Former “Real Housewives of Atlanta” star Nene Leakes, is no stranger to sharing her life on social media. But this time she shared something personal about her son–news that shocked her fans young and old. Nene shared on her Instagram stories on Monday that her son Brentt suffered from congestive heart failure AND a stroke two weeks ago. Brentt Leakes is only 23.
You would think something like this would only happen to a person that is older and may have other health conditions, so this news is shocking.
“This is not the way I wanted it to come out,” Nene Leakes said in her video. “We wanted to be able to talk about it ourselves when Brentt was in a better place … but I would rather the correct thing be out there than something that’s not correct.”
The widow of Gregg Leakes and mother of two said she didn’t want to go into details about how she found her son and the condition he was in, but said that “it was very scary.” She said her son is currently having trouble speaking.
Stroke survivors with right-brain injuries frequently have speech and communication problems. Many of these individuals have a hard time pronouncing speech sounds properly because of the weakness or lack of control in the muscles on the left side of the mouth and face. This is called “dysarthria.”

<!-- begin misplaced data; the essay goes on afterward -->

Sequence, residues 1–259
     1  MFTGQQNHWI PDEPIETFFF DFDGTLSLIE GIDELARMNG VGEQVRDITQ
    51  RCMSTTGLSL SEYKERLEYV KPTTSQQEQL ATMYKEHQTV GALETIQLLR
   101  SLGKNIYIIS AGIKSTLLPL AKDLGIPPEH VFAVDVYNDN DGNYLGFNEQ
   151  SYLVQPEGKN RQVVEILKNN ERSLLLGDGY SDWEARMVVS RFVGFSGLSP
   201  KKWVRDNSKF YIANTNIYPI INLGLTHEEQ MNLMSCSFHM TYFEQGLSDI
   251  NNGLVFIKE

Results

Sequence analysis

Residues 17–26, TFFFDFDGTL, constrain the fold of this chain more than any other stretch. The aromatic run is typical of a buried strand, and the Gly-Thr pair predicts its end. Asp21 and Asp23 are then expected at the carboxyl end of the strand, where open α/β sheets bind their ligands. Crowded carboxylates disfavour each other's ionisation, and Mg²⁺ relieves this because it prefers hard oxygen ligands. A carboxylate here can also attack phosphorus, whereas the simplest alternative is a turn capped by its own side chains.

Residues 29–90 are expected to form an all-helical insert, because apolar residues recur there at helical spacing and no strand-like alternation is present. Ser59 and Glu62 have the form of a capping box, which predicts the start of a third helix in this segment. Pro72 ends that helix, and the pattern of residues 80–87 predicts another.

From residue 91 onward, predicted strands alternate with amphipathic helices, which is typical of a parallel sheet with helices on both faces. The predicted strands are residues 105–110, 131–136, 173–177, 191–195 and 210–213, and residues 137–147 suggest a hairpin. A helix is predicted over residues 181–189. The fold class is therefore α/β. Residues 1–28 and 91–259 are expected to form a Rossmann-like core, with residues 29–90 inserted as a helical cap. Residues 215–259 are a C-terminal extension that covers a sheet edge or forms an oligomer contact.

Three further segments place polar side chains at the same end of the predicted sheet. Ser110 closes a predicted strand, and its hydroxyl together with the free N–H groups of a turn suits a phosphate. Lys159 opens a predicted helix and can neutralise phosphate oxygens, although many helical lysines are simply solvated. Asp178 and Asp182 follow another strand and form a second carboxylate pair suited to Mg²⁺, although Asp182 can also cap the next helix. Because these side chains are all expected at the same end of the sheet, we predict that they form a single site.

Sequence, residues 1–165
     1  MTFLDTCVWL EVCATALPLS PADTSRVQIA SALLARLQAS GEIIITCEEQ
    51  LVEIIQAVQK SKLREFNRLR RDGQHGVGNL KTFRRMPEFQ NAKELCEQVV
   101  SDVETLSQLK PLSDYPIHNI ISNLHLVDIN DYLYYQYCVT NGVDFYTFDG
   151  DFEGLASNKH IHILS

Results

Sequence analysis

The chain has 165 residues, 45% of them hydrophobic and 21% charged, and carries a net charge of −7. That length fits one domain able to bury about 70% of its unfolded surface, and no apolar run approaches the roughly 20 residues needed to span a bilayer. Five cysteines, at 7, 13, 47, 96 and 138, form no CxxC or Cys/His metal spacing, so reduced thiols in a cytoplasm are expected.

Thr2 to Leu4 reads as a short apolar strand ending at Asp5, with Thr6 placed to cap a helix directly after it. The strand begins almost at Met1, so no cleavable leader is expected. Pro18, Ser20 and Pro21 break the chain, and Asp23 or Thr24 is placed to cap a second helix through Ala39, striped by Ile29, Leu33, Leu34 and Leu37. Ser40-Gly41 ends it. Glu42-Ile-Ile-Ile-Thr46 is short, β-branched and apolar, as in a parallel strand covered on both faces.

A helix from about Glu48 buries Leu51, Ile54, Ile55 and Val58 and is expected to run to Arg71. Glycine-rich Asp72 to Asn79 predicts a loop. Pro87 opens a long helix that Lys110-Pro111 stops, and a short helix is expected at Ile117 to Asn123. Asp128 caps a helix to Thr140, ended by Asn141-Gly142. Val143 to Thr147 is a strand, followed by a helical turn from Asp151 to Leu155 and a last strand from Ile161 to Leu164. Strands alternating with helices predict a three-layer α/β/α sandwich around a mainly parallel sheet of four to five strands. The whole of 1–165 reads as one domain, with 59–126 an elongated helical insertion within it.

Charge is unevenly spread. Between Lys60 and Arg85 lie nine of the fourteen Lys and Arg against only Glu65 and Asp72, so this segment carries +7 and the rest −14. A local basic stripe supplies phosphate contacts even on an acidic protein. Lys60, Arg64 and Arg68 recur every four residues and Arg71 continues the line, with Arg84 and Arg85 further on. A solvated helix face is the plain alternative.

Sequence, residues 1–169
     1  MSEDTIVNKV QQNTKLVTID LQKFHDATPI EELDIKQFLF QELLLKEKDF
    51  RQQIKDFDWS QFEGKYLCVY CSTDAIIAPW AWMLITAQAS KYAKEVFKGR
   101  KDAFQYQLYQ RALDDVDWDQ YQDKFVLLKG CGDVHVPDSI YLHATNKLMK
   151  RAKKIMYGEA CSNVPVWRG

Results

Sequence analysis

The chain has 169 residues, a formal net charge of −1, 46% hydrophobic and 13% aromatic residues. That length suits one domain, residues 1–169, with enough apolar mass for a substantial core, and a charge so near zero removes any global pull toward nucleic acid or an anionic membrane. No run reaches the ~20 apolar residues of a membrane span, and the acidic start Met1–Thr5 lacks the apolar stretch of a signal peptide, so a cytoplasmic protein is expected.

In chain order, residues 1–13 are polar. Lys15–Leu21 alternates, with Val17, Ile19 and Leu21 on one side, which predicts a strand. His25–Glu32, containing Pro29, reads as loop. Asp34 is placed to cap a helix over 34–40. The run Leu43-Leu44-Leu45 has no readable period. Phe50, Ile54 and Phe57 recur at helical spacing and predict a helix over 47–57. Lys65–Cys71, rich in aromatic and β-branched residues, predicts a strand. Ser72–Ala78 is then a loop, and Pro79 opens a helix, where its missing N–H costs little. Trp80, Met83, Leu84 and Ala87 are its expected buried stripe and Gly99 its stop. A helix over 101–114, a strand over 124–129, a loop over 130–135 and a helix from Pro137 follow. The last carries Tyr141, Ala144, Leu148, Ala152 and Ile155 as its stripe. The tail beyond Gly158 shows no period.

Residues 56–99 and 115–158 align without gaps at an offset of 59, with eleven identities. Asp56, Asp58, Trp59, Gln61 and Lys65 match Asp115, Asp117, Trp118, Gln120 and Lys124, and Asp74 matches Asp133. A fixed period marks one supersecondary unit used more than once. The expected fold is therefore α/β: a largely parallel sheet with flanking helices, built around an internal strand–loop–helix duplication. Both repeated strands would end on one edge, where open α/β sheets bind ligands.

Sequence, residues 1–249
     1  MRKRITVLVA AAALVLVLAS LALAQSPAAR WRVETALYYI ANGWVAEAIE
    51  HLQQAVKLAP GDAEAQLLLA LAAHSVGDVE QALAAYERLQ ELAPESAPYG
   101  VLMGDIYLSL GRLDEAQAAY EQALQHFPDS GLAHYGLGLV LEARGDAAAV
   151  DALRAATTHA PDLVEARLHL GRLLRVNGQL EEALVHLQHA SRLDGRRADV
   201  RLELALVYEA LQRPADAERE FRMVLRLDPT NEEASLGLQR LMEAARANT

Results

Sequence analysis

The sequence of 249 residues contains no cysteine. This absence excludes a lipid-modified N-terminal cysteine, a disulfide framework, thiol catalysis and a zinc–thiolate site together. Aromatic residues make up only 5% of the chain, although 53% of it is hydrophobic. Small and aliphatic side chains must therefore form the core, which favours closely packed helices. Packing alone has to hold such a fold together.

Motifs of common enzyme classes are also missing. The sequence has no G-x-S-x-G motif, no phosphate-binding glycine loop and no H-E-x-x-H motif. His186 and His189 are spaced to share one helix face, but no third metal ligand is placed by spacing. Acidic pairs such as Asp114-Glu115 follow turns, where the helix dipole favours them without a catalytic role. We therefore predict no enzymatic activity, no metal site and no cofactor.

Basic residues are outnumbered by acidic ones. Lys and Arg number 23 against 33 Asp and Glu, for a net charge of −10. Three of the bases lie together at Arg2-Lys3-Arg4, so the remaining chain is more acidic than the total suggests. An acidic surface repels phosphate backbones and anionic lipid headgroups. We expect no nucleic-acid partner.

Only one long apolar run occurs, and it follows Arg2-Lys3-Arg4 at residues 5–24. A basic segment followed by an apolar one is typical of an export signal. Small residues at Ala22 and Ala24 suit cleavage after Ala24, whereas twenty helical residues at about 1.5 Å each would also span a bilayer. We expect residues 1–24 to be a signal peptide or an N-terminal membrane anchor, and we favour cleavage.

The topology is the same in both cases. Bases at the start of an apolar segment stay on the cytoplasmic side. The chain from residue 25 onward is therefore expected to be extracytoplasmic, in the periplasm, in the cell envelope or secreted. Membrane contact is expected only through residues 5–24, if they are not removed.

Doctors are still running tests, Nene Leakes said, because they don’t know exactly what caused the stroke. One theory is that he may have unknowingly contracted COVID-19, as the virus has been associated with heart problems.
Heart attacks and strokes have quite a bit in common: they are both medical emergencies caused by a sudden cut-off in blood flow. In a heart attack, the blood flow to your heart is suddenly blocked. A stroke occurs because of a sudden interruption of blood flow in your brain.
Heart failure is more prevalent in African Americans than in whites, imposes higher rates of death and morbidity, and has a more malignant course. According to American Heart Association statistics, the annual incidence of heart failure in whites is approximately 6 per 1,000 person, while in African Americans it is 9.1 per 1,000 person.
Heart failure (HF) and ischemic stroke (IS) share similar risk factors and HF itself is a risk factor for IS. In addition to that, IS in patients with HF is more severe and has a poor prognosis. Previous studies showed that approximately 10% to 24% of patients with stroke have heart failure.
One way to prevent heart failure is to